Knowing how eager the public is for more info and a better understanding of the Djedi Project, Mehdi Tayoubi and the team from Dassault Systèmes spent the weekend putting together this fantastic video that shows Djedi in his “natural habitat”—exploring the Queen’s Chamber shaft.  Another advantage of 3D is that you get to see the layout of the shaft in relation to the rest of the pyramid.

Industrial 3D is more than just a visually pleasing way to supplement the “hard science”… It is hard science.  The models produced by the 3D engineers at Dassault Systèmes are accurate down to the last detail.  The same software that is used to design and make predictions about the life cycle of everything from race cars to supertankers has been lent to the field of Egyptology, allowing researchers to share information to people of all fields, languages, and levels of expertise in a visual manner.  As Mehdi Tayoubi explains:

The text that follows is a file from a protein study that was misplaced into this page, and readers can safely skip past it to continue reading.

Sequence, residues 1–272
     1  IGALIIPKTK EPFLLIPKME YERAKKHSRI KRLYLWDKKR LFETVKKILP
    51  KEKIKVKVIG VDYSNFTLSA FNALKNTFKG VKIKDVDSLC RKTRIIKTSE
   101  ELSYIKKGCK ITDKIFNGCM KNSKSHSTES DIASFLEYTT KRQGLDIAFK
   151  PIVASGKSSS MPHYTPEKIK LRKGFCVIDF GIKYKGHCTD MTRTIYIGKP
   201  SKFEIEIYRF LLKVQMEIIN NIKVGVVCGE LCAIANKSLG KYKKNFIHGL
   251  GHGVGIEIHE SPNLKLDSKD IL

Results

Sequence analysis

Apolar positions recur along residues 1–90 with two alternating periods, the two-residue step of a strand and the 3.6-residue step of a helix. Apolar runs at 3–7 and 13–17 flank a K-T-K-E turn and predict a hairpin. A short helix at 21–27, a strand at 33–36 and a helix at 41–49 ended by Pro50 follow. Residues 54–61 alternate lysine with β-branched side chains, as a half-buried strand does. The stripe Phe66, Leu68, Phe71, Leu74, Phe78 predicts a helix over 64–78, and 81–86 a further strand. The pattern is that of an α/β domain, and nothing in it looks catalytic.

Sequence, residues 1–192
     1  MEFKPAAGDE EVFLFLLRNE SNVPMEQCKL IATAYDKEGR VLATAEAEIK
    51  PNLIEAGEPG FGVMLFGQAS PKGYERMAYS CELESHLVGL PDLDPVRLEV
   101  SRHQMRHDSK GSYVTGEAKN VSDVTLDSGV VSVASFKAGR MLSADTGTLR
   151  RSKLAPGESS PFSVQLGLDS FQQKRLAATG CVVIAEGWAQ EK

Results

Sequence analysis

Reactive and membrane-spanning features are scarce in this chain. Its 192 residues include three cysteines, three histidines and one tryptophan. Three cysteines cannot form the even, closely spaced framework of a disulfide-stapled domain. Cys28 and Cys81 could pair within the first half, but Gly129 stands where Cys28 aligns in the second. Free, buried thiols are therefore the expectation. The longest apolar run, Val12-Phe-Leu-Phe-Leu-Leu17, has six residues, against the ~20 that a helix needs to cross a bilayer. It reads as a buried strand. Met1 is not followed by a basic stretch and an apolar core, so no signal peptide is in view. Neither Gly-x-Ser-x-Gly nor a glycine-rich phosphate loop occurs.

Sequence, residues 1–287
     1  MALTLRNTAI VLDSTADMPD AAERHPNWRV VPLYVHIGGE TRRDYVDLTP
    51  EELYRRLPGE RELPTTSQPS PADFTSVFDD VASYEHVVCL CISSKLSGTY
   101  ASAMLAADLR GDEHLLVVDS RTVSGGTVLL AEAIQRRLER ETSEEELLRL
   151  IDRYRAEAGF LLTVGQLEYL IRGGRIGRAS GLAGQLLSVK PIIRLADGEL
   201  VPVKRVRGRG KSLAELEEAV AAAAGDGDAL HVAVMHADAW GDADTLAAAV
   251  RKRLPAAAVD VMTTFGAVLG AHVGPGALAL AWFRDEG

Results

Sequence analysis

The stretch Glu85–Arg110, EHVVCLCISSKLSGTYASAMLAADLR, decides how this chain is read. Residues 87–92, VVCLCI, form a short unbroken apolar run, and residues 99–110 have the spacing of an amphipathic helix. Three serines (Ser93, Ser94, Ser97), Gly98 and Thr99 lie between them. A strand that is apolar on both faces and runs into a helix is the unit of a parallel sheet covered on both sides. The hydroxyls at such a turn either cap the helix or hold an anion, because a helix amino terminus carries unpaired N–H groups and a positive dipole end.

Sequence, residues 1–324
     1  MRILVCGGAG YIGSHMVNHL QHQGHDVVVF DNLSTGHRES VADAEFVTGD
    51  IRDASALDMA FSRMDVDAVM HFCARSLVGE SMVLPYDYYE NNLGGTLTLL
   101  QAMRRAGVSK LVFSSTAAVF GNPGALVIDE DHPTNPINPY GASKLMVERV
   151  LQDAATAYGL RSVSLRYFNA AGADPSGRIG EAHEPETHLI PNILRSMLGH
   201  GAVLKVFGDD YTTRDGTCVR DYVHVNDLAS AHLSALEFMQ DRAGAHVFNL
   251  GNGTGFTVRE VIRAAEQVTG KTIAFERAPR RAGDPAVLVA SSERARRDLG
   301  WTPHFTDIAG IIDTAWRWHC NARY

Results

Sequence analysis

…3D is not only a tool for engineers and we believe that the best way to experience this adventure for yourself is through 3D experiences we are able to deliver…in a virtual 3D world, to help the public -all publics- understand what the robot has seen.   (Source:  3D Perspectives:  Exclusive 3D Reconstruction of the Djedi Robot Findings in the Great Pyramid)

So while rumors of hidden treasure and 4,500 year old secret messages continue to float around the web, we encourage you to keep a level head.  Sources such as the 3D Perspectives blog, Zahi Hawass’ official website, and, of course, Em Hotep, will keep you informed of the very real and very exciting details as the Dassault Systèmes/Leeds University joint expedition continues.

 

Copyright by Keith Payne, 2011.  All rights reserved.

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This entry was posted on Tuesday, May 31st, 2011 at 9:33 pm and is filed under Egypt in the News, Old Kingdom, Pyramids, The Giza Plateau. You can follow any responses to this entry through the RSS 2.0 feed. You can leave a response, or trackback from your own site.

2 comments so far

Mike